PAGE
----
This RFC describes an installation concept that aims to be more natural to the end-user than current package-based installers. The idea behind this concept is to get rid of the whole installation process. The complete application, including its dependencies and data files, is a single self-contained executable (one app, one file). There is absolutely no installation process. Just run and you're done. Delete and it's uninstalled. Replace and you've upgraded.
The RFC is incomplete in that it doesn't describes all edge-cases. Also, it does not touch on how one obtains application packages or resolves dependencies. Repositories will handle this task, but their specification and usage should be part of a separate RFC.
The concept is based on bundles and packages which will be described from the end-user's point of view. Later we will get into a few implementation details.
From the user's point of view, the bundle is the application. The application is executed when you double-click the bundle. Bundles must be self-contained. There are no installation scripts and no dependencies. Bundles must be location-independent, so the user can move them around wherever he wants. In other words, bundles are not installed; they run directly. On the first run, the user might have to agree to the application's license, though.
By default, the Deskbar queries all bundles on trusted volumes. The Deskbar provides a search interface for running applications and allows for maintaining a list of favorite applications which you can organize in a folder-like hierarchy. Additionally, a list of the most frequently used applications is shown (if possible, pure file viewers like ShowImage are not shown in that list). This is necessary because the number of found bundles might be much bigger than the number of applications the user actually works with.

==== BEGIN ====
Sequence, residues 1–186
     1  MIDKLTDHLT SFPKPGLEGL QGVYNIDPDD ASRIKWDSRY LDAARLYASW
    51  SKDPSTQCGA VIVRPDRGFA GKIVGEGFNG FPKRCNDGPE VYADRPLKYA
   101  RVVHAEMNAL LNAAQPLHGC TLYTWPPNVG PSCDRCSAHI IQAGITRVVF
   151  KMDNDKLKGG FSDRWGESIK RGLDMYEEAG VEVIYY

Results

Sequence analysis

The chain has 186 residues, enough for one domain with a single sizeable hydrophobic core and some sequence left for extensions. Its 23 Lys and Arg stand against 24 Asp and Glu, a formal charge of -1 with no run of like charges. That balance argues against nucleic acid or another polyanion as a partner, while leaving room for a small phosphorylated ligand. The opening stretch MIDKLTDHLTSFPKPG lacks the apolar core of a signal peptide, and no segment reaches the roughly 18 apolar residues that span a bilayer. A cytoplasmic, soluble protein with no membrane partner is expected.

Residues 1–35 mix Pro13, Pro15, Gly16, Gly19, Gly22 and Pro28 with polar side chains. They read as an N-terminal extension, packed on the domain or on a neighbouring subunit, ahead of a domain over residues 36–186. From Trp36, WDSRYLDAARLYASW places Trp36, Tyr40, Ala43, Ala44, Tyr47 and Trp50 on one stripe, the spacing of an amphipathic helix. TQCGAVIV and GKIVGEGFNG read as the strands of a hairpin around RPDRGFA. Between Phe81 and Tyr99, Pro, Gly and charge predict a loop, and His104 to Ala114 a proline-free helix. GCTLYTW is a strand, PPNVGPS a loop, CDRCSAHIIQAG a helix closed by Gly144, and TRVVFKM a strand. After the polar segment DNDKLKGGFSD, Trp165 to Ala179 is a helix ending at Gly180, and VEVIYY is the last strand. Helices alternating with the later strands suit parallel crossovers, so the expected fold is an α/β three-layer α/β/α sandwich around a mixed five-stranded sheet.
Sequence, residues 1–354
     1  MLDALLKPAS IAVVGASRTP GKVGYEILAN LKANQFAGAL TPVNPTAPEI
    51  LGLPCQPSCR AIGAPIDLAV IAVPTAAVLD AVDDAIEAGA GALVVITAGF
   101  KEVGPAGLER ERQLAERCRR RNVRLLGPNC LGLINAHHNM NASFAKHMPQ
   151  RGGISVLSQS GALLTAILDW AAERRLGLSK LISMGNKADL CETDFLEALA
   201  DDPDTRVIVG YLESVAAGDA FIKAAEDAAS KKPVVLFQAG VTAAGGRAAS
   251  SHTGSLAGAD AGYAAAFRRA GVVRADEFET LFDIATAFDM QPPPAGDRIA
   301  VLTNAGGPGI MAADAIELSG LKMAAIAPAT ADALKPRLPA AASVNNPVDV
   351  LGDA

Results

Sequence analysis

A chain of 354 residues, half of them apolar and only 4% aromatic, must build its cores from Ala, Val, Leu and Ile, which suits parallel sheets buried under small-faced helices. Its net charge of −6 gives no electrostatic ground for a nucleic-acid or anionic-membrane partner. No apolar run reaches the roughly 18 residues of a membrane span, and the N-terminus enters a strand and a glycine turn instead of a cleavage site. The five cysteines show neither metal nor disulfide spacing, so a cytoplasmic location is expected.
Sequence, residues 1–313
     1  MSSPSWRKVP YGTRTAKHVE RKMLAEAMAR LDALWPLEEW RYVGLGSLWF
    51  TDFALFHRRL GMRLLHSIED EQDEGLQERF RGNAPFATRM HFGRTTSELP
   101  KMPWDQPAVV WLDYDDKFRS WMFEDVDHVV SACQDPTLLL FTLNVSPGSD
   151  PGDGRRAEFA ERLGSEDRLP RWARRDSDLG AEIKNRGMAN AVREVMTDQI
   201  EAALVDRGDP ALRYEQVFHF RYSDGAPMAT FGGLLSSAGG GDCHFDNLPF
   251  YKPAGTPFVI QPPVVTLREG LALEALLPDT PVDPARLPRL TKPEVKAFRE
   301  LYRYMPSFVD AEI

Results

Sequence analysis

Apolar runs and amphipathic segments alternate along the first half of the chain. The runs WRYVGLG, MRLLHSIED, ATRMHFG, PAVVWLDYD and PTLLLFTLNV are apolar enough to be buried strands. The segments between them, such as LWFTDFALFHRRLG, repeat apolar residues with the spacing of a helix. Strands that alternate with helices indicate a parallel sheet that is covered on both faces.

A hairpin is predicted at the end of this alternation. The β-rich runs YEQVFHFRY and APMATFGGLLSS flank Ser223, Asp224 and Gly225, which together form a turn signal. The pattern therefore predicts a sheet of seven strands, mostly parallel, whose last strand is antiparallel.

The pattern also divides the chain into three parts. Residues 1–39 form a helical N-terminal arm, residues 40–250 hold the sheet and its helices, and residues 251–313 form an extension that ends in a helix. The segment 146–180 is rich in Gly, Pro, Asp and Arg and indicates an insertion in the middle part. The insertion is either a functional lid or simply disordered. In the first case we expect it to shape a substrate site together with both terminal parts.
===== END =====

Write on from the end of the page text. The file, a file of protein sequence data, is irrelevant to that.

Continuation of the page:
Since all bundles are queried automatically (on trusted volumes) a first-time run isn't necessary to open a file with that application. Of course, the application marked as preferred in your Deskbar will take precedence.
Bundles can be uninstalled by simply deleting the bundle file. When a bundle is deleted its data files and settings are automatically removed from the system when certain cleanup criteria apply (e.g., after 30 days or depending on available disk storage; also see the note below). This provides the possibility to undo the deletion without losing any settings and it is required for supporting upgrades. Removable media require special handling because otherwise unmounting would result in the system thinking the bundle got deleted (which might not be desired). The settings cou